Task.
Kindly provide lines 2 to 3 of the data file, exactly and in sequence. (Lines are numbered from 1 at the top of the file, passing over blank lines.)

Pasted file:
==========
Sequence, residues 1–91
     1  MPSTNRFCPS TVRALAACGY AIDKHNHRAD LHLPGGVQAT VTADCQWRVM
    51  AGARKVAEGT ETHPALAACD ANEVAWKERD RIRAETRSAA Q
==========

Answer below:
     1  MPSTNRFCPS TVRALAACGY AIDKHNHRAD LHLPGGVQAT VTADCQWRVM
    51  AGARKVAEGT ETHPALAACD ANEVAWKERD RIRAETRSAA Q